Rachel's Democracy & Health News #844  [Printer-friendly version]
March 2, 2006


[Rachel's introduction: Some civilizations reach their peak of power
and then suddenly collapse and remain in decline or even disappear.
Others thrive for thousands of years. What accounts for the
difference, and what does it matter to the U.S.?]

By Peter Montague

The year 2005 began with an interesting choice by the editors of the
New York Times -- the first op ed of the year was a long essay by
Jared Diamond called "The ends of the world as we know them."
Diamond won the Pulitzer prize for his non-fiction book, "Guns,
Germs, and Steel" and later in 2005 he published "Collapse; How
Societies Choose to Fail or Succeed."

Diamond's op-ed offers an analysis of why civilizations collapse. It
is an essay obviously intended to make us ask, "Does our civilization
have what it takes to survive?" In the opening paragraph he says, "In
this fresh year, with the United States seemingly at the height of its
power and at the start of a new presidential term, Americans are
increasingly concerned and divided about where we are going. How long
can America remain ascendant? Where will we stand 10 years from now,
or even next year?"

Diamond goes on: "Such questions seem especially appropriate this
year. History warns us that when once-powerful societies collapse,
they tend to do so quickly and unexpectedly. That shouldn't come as
much of a surprise: peak power usually means peak population, peak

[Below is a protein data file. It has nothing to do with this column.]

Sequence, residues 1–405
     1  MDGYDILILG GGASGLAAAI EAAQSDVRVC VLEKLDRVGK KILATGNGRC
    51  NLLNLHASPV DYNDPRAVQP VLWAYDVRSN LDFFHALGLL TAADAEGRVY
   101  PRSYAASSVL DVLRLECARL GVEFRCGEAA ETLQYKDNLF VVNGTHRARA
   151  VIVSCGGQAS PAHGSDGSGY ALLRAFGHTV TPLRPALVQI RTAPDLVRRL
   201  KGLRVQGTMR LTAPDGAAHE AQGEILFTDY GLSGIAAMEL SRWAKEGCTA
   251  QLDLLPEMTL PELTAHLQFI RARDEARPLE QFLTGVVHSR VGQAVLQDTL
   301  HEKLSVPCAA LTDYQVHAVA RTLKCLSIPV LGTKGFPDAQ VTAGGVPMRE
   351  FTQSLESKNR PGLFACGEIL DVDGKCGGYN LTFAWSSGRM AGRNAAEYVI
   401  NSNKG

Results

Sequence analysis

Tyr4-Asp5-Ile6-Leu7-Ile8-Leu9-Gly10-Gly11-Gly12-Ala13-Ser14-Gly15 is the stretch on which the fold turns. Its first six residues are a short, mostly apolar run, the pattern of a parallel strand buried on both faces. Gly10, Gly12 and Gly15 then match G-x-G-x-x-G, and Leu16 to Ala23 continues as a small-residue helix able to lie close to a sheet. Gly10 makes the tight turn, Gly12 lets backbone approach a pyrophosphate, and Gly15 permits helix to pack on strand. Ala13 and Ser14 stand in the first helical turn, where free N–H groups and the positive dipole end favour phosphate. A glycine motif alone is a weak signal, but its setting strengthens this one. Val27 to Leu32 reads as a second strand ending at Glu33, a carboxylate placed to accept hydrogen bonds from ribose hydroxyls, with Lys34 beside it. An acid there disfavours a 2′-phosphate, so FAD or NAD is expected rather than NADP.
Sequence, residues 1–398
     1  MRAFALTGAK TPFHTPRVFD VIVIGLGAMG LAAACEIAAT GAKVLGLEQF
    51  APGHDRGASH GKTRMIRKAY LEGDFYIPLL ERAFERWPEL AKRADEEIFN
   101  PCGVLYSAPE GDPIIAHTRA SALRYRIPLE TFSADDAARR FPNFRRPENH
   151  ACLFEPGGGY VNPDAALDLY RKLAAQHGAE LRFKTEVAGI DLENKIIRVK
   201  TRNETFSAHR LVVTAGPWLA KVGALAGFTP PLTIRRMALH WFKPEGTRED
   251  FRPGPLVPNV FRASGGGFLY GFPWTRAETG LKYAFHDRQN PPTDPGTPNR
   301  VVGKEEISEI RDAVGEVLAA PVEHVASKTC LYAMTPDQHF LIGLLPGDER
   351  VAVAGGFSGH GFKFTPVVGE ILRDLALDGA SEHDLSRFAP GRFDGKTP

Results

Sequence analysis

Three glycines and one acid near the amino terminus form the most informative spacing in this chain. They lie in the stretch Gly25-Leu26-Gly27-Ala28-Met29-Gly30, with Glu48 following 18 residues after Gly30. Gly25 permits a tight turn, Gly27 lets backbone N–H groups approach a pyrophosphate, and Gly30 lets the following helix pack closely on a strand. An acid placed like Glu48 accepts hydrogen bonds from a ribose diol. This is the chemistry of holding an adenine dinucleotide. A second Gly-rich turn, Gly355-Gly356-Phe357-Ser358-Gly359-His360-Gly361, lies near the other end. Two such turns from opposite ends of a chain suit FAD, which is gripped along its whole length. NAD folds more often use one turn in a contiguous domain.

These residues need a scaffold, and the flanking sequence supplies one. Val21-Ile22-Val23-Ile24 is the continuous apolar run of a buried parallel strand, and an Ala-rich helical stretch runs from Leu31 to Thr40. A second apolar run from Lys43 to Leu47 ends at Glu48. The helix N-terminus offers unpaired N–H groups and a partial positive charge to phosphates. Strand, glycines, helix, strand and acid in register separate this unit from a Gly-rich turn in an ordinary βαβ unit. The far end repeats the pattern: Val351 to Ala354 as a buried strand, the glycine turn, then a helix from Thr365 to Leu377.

needs, and hence peak vulnerability. What can be learned from history
that could help us avoid joining the ranks of those who declined

Diamond tells the stories of a few past civilizations that collapsed
and rapidly disappeared -- the Maya of the Yucatan Peninsula in
Mexico; the Polynesian societies on Henderson and Pitcairn islands
in the tropical Pacific Ocean; the Anasazi in the American
southwest; the ancient societies of the Fertile Crescent; the
Khmer at Angkor Wat; and the Moche society of Peru, among others.

Diamond then offers a long list of other societies that followed a
different trajectory and survived for very long periods in Japan,
Tonga, Tikopia, the New Guinea Highlands, and Central and
Northwest Europe, among others. So collapse is not inevitable.
Collapse is the result of choices.

Diamond asserts that collapse results from 5 inter-woven factors:

1. The damage that people have inflicted on their environment;

2. Climate change;

3. Enemies;

4. Changes in friendly trading partners;

5. Society's political, economic, and social responses to those

After telling the stories of particular societies that collapsed or
prospered, Diamond asks pointedly, "What lessons can we draw from

Take environmental problems seriously

He answers bluntly: "The most straightforward [lesson from history]:
take environmental problems seriously. They destroyed societies in the
past, and they are even more likely to do so now. If 6,000 Polynesians
with stone tools were able to destroy Mangareva Island, consider
what six billion people with metal tools and bulldozers are doing
today. Moreover, while the Maya collapse affected just a few
neighboring societies in Central America, globalization now means that